Afraid of the Dark? Not Just for Kids
If you are an adult and are afraid of the dark, there are a few things you should know. One, fear of the dark is not limited to kids; and two, if you have insomnia, your fear of the dark could be one reason why.
Study sheds light on fear of the dark
If you do a literature search for information on fear of the dark or being afraid of the dark, you will find surprisingly little on the topic, especially when it comes to adults. Not that being afraid of the dark is anything to scoff at: millions of kids are afraid of the dark and are convinced that something awful is lurking in their closet, under their bed, or somewhere else in the house.
This fear of the dark typically first appears when kids are 2 to 3 years old, when their imaginations begin to emerge and they are not able to tell the difference between what's real and what's fantasy. When the lights are turned off at bedtime, that's a time when a child's imagination can take over.
Adults afraid of the dark
A new study conducted at Ryerson University Sleep & Depression Lab in Toronto and presented at the 26th annual meeting of the Associated Professional Sleep Societies in Boston reports that nearly half of the 93 undergraduate students tested said they were afraid of the dark. These same students also said they were poor sleepers.
The study participants consisted of individuals who said they were either good sleepers or poor sleepers. All the students were tested in rooms that were well-lit and those that were dark.
When the participants were in well-lit rooms, the investigators presented them with sudden noises and measured their blink responses. Both the good sleepers and poor sleepers responded in a similar way.
However, when the participants were placed in dark rooms and presented with sudden noises, the two groups reacted differently In fact, the good sleepers become used to the noises, while the poor sleepers grew increasingly anxious and startled with each noise burst. These findings suggest that people who are poor sleepers may have an untreated phobia--a fear of the dark.
According to the study's lead author, Taryn Moss, "we assume that poor sleepers become tense when the light go out because they associate the bed with being unable to sleep. [That is, a self-fulfilling prophecy of worrying you won't be able to fall asleep.] Now we're wondering how many people actually have a active and untreated phobia."
If you are a poor sleeper and suffer from a lack of sleep, here are few clues that you may have a fear of the dark:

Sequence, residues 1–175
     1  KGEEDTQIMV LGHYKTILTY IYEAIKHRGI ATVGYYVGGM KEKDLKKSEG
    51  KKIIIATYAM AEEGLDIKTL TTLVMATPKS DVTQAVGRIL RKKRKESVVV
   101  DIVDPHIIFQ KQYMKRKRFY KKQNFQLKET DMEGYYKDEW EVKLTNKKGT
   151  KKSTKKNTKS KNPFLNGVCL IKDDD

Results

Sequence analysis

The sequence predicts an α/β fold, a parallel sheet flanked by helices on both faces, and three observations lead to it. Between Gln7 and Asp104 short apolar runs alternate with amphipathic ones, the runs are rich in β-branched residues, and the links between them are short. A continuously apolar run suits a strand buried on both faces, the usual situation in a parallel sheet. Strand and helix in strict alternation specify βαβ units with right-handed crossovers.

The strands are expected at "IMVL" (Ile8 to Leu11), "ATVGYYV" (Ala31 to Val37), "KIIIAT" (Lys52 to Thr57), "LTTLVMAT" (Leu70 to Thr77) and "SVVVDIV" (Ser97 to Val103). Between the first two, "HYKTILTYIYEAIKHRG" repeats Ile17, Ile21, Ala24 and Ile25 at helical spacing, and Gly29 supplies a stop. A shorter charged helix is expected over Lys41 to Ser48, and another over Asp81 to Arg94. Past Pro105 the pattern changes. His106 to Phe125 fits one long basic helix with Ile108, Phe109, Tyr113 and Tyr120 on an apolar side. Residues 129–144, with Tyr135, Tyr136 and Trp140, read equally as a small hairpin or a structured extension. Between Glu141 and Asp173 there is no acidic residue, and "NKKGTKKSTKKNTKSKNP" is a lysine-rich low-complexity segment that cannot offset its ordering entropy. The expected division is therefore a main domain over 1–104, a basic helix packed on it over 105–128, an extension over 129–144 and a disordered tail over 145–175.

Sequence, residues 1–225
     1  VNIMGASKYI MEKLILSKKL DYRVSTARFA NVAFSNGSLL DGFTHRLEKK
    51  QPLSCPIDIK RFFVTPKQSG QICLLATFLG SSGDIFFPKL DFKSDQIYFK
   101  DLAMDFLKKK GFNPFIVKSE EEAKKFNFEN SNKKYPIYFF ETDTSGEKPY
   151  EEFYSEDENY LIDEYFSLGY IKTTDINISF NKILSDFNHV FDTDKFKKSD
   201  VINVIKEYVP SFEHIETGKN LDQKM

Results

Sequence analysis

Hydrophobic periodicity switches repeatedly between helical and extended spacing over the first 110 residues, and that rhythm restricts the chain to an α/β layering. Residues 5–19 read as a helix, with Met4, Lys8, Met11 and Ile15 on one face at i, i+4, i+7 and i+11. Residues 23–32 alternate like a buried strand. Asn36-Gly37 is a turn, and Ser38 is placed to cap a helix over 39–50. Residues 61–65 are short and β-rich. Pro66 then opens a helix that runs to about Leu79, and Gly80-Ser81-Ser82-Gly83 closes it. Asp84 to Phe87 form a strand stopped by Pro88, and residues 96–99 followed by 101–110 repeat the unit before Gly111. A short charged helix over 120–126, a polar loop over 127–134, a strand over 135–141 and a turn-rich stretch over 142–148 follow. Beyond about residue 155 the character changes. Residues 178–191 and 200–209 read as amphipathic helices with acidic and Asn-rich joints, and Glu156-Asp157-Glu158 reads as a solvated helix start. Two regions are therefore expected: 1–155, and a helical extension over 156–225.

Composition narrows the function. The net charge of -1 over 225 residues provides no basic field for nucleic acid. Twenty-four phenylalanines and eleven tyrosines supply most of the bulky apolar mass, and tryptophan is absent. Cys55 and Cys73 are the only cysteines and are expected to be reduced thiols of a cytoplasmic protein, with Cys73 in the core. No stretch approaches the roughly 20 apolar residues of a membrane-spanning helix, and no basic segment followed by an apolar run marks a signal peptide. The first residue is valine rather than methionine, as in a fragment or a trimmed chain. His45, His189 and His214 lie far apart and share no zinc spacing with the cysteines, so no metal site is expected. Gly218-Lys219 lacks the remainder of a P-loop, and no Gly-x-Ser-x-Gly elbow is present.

- Do you always keep the television, a lamp, or a nightlight on when you're in bed? (While you may be worried about getting up at night and falling because you can't see, this worry can be remedied by keeping a light by the bedside that you can easily turn on when you want to get up during the night.)
- Do you constantly worry someone might be trying to break into the house at night?
- Do you find yourself straining to listen to the sounds around you once you turn off the light?
- Do you get anxious or tense when you walk into a dark room?
The study's principal investigator, Colleen Carney, PhD, is also the author of Quiet Your Mind and Get to Sleep: Solutions to Insomnia for Those with Depression, Anxiety or Chronic Pain. Carney noted that for adults who have a fear of the dark, "We may need to add treatment components for these patients and adapt existing treatment components in light of the phobia."
If you are an adult who is afraid of the dark and who is having trouble sleeping, you might try some of Carney's suggestions. For example, practice defeating your fear by going into dark rooms during the day.
Gradually work your way to being in a completely dark room by yourself for increasingly longer periods of time. If you sleep alone, having someone (or a pet) by your side can relieve your anxiety.
If you are a poor sleeper, you may be afraid of the dark, and overcoming this fear could help you be a better sleeper and a more alert, healthy individual.
ALSO READ: Are You Afraid of the Dark?
Are people with insomnia afraid of the dark? A pilot study. Ryerson University Sleep & Depression Lab, presented at SLEEP 2012
Image: Wikimedia Commons
Updated January 9, 2017